“Those goofy glasses.” It’s one of the biggest stumbling blocks for 3DTV with many consumers, and I can’t blame them. Many of the active shutter glasses look like something out of a 50s science fiction B movie. And the passive glasses that you get in the movie theaters make Buddy Holly and Elvis Costello’s eyewear look stylish.
But CES 2011 is full of new ideas for glasses. (No, the show doesn’t open until today, but after two days of press events, I’ve seen a lot of new approaches.) On the shutter glass front, it’s clear that some manufacturers still don’t get it. Sony offers a range of sizes and colors, but they all look like they could double as snorkeling goggles. In contrast, XPAND has improved its line of “universal” shutter glasses that work with all 3DTVs and projectors on the market today. The newest XPAND YOUNIVERSAL models are programmable, so that you can tune them to your individual preferences, such as changing the settings for “dark time” and “transition time”. You can make adjustments for viewing distance, your age, and other factors. And they come in different sizes and with different nose pieces to accomodate different facial features.
Perhaps the most impressive demonstration of new shutter glasses was by Samsung, which showed a sleek, stylish model that weighs only one ounce.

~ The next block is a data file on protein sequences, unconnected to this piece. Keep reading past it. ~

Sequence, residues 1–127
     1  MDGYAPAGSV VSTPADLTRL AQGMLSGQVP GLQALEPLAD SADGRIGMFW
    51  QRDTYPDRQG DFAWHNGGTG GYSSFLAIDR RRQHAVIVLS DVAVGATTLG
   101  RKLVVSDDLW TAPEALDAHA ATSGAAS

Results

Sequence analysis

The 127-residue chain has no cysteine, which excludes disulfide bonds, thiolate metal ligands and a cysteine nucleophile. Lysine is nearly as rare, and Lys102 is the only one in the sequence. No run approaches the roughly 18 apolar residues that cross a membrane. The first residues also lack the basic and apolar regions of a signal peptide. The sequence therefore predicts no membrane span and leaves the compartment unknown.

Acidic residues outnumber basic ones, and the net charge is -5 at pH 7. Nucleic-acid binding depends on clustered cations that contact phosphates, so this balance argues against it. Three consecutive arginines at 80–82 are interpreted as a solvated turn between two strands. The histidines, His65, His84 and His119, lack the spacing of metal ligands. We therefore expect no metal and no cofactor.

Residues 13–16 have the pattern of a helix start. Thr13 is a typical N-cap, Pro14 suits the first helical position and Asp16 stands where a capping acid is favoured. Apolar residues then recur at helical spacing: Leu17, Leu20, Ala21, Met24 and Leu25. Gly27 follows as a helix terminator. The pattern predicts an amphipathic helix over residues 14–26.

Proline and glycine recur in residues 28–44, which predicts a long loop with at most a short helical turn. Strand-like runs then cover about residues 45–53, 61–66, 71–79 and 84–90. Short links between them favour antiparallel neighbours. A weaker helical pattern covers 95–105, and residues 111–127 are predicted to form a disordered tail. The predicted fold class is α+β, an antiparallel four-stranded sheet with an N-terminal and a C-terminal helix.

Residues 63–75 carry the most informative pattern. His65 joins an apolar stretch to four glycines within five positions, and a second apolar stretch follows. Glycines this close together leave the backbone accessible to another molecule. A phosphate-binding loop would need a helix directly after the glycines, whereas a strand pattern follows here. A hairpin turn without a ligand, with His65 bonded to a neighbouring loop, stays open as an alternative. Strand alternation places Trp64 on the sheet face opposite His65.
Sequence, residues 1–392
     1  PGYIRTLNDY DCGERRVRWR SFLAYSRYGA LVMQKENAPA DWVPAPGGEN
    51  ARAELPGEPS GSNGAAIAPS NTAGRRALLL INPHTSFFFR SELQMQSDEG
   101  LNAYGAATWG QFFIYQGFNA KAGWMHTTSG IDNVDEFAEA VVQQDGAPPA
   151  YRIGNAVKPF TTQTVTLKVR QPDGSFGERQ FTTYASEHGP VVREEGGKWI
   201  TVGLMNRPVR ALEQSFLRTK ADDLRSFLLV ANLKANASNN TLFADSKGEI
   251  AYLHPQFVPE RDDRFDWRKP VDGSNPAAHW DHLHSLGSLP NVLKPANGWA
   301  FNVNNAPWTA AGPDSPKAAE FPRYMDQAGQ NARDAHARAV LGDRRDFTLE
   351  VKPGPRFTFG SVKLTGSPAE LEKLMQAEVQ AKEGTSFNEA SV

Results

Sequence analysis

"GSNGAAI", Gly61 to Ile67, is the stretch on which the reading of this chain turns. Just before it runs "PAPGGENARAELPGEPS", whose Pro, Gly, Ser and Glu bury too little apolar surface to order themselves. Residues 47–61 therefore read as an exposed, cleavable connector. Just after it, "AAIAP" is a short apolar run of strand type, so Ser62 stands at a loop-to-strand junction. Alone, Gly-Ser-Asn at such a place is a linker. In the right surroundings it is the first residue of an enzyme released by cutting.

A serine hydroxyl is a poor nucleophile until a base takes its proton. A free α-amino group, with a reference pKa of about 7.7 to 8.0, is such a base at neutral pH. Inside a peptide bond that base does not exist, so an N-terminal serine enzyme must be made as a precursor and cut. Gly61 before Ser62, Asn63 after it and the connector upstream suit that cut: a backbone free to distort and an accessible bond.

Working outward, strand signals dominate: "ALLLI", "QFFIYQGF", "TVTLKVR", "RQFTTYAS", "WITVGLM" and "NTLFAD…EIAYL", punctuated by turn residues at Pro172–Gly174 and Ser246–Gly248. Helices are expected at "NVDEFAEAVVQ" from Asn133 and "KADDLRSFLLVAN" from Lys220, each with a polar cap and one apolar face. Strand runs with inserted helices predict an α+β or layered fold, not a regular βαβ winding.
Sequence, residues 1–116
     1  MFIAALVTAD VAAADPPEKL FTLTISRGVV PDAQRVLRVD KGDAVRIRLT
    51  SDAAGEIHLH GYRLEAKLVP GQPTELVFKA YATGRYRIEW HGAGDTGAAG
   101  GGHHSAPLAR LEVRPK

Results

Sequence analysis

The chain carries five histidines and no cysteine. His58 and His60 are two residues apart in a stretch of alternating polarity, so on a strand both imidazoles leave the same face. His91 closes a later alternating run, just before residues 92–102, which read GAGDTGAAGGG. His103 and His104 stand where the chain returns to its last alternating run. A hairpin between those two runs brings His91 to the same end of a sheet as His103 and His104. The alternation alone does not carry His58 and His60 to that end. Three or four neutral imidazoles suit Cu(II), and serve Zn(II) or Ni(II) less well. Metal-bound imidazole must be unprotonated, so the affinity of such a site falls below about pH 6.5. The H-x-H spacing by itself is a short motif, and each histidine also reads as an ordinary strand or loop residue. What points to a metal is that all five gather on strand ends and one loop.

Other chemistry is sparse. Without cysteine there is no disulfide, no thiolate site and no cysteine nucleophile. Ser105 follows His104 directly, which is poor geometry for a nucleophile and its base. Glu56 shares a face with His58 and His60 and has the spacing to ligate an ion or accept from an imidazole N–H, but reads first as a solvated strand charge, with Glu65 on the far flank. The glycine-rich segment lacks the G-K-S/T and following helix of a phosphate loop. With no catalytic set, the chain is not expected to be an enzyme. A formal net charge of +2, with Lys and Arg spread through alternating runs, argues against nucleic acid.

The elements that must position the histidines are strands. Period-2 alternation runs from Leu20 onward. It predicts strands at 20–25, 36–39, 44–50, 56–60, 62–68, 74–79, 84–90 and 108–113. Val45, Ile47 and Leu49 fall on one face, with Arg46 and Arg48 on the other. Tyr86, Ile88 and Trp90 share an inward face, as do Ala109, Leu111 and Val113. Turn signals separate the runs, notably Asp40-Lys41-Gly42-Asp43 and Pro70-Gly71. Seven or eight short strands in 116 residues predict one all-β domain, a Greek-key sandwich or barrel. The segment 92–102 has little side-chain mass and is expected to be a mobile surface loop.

On the passive glasses side, Marchon 3D announced a new patent for curved lenses, which gets away from that flat-lens bug-eyed look that you get with the typical cinema glasses. They have various models starting at $35 a pair, but also have designer lines including some by Calvin Klein. They even offer photochromatic lenses that get darker in the sunlight, so that you can use the same 3D glasses as your sunglasses. And you will even be able to get them with prescription lenses so you’ll only have to wear one pair when watching 3D.
I believe that all these improvements are slowly going to wear away at the average consumer’s resistance. Price and appearance are improving rapidly, and that’s after only selling about a million sets in this country in 2010. As the numbers climb — and they will climb — the competition to sell the glasses will result in more improvements and even lower costs.